As it turned out, I simply had to recalibrate. I had recently heard the BSO do Mahler 9. And as part of my job I listen to recordings all the time, especially recordings of big orchestral pieces. And even the recordings of baroque music tend to be highly produced audio-rich recordings that reward a pretty high volume setting.
But when Akamus launched into that Telemann Suite, the sound was so soft and transparent in comparison to my normal listening material that it felt like I might damage it if I so much as breathed too deeply.
Luckily, ears adjust quickly. Within a few minutes (well, maybe a few movements), my hearing had recalibrated itself, listening in a different way. I was picking up uncommonly subtle and remarkable phrasing approaches and a stunningly unified rhythmic feel from the ensemble. Ah, I thought, now it’s clear why this band is regarded as one of the best in the world.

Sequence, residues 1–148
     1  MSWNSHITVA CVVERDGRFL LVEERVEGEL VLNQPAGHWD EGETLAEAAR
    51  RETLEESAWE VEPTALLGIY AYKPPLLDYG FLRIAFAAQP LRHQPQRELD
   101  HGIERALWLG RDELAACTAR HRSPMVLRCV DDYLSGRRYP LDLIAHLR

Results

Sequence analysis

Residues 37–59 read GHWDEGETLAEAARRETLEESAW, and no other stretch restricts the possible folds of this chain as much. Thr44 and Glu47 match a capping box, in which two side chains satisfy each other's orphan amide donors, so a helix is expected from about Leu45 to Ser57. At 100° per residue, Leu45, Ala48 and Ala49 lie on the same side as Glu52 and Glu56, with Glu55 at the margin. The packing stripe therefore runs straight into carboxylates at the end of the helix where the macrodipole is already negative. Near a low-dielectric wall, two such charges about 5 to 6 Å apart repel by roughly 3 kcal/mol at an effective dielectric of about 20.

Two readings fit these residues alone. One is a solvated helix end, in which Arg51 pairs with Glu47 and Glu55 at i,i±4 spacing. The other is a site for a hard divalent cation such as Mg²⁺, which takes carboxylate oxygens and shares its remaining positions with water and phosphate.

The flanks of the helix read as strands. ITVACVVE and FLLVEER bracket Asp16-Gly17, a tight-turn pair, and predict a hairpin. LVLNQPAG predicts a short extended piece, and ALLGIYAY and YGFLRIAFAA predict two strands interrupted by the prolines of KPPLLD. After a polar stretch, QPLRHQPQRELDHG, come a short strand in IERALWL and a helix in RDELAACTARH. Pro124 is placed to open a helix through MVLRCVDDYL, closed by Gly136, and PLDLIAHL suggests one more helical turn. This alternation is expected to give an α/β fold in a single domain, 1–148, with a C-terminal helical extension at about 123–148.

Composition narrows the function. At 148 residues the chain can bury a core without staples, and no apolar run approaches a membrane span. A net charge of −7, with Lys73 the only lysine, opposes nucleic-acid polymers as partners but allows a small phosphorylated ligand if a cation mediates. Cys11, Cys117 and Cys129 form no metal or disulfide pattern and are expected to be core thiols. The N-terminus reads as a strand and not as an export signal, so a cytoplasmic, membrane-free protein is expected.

By the end of the Telemann, as we waited for the stage change for Brandenburg 5, I turned to my wife and said, “There are some circles of people where, if you mentioned to them that you heard Raphael Alpermann play Brandenburg 5, there would be gasps of disbelief and envy.” At the end of Brandenburg 5, she was the one gasping with disbelief. Alpermann, the group's harpsichordist, gave a performance of such detail, control, and passion that I’m still not quite sure how he and the ensemble pulled it off.
And the rest of the concert followed suit. By the end, a concert of over two hours had flown by, and we felt like we could have stayed and listened all night.
This is why, no matter how many other options there are for listening to music, you must go to concerts. The parking, the expense, the annoying ripple of lozenge wrappers – it’s all small change compared to the experience of being in the presence of great musicians bringing you an artistic experience that can’t be matched anywhere.
I hope you’ll take us up on the concerts we mention on the air at 99.5. There’s usually a link on our web site to more information about these events.
Don’t stop listening to the radio. But use the radio to launch yourself into concert hall experiences.
If you’ve got a concert hall memory you’d like to share, just drop it in a comment below. I’ll look forward to hearing about it.